Ultimate test

After granting audience to a number of political figures over the past few days, King Gyanendra has extended this process to a wider circle by inviting the representatives of various walks of life to a lunch at the Gokarna Royal retreat on Monday. This is indeed a good exercise in public relations, giving the King an opportunity to know about the minds of the individuals or the sectors they represent. Most of the invitees received less than a minute. And some of them returned by just greeting the King, and many people, it is reported, were awe-stricken and could not put forward their views “fearlessly.” But the King talked to almost every one of the more than 300 invitees over four hours of the programme, that drew together people from various sectors, including NGOs, legal profession, journalism, entertainment industry, and business. Crown Prince Paras also took time to talk to some of them.

The consultations had been organised to elicit opinions and suggestions from a wider cross-section of society on the current national crisis, but the invitees had not been informed of the purpose of the occasion beforehand. However, some people had gone with a written copy of their suggestions for conflict resolution, even including roap maps to peace. Most of the invitees are reported to have stressed the need to restore peace to the country through a resolution of the Maoist problem and a reconciliation between the palace and the political parties. The King understandably agreed with the need to end the impasse, but “how” was a question he himself is reported to have asked some of the invitees who raised the issue. The King is said to have parted with too little information as to how he wants to go about ending the impasse — with the Maoists as well as with the political parties.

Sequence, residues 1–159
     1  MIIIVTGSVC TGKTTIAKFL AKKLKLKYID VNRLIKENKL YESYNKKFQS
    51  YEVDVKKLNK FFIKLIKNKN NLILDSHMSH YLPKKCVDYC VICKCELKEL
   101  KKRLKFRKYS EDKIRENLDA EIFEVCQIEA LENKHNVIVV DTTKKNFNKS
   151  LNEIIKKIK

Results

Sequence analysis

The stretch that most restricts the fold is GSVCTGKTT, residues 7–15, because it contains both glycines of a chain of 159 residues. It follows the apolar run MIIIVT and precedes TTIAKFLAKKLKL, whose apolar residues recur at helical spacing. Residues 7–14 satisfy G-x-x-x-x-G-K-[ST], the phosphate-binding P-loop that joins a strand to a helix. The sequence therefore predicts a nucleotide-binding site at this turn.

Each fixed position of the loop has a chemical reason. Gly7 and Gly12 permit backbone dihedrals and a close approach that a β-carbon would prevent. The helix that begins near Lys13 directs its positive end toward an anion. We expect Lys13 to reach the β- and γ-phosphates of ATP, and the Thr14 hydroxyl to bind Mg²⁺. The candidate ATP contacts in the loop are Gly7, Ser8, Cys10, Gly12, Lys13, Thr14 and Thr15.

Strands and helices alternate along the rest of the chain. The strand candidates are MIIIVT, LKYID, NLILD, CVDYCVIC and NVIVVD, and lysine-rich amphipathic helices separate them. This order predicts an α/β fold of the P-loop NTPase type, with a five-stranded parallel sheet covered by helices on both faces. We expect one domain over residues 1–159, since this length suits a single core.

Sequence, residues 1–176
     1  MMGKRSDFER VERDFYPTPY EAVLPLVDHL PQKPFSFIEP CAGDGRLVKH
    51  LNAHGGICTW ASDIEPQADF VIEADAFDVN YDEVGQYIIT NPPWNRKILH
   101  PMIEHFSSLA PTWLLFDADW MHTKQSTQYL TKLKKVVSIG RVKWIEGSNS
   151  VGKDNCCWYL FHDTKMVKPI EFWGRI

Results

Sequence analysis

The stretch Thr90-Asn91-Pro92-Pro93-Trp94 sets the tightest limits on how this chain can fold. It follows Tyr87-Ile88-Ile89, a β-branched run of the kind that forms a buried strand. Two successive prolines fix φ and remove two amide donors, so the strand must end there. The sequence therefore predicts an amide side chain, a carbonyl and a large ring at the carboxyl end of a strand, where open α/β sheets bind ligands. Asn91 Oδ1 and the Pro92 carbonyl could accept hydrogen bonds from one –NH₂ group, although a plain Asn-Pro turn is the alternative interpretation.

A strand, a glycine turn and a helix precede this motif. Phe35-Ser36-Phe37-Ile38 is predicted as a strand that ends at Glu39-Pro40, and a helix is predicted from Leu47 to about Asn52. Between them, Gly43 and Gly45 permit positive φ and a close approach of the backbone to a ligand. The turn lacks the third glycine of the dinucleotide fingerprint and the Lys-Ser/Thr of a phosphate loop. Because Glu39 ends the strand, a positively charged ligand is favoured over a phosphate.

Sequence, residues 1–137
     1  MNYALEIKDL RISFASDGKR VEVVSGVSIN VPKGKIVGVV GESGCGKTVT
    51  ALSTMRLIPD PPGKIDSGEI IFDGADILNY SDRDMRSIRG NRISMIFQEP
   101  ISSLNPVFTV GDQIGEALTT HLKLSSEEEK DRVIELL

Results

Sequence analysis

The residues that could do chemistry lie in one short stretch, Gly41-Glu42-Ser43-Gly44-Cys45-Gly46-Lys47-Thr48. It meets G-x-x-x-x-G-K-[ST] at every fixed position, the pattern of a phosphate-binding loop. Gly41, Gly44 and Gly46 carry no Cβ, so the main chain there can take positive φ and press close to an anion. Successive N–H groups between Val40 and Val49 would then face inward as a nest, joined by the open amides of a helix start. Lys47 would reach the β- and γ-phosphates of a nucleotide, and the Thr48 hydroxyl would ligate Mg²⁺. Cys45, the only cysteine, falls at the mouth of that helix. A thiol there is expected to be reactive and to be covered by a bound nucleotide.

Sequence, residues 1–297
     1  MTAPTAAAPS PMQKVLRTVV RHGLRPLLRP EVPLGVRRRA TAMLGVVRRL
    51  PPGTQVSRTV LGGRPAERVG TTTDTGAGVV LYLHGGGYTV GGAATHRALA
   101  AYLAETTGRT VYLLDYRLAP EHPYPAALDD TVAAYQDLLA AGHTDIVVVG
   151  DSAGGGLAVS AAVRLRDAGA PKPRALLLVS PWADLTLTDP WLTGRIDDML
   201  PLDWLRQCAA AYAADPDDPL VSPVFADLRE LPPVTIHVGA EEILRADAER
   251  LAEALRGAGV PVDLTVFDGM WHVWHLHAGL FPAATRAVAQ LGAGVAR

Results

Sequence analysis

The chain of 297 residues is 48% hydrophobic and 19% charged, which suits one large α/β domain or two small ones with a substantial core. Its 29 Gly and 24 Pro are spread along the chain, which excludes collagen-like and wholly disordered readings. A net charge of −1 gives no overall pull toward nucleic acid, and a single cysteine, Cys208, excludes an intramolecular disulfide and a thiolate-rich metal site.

As for the shape of the next government, the King can be supposed not to have made up his mind yet, judging by the way consultations continue. Probably, he may meet the four recognised of the five agitating parties soon and, after that, things might be clear enough. The nearly two weeks of indecision over this matter is likely to end very soon. A little flexibility discerned in the agitating parties of late gives some room to believe that a meeting ground between the King and them is still possible. Whatever be the arrangement for governnance, it has to be sustainable and capable of resolving the pressing issues of peace and democracy. Any solution would certainly have to take into account the prevailing public opinion, Nepal’s geopolitical status and the ground realities, including the state of the Maoist insurgency. The ultimate test of the success of the Royal consultations will, however, have to be judged against the yardstick of their problem-solving capability.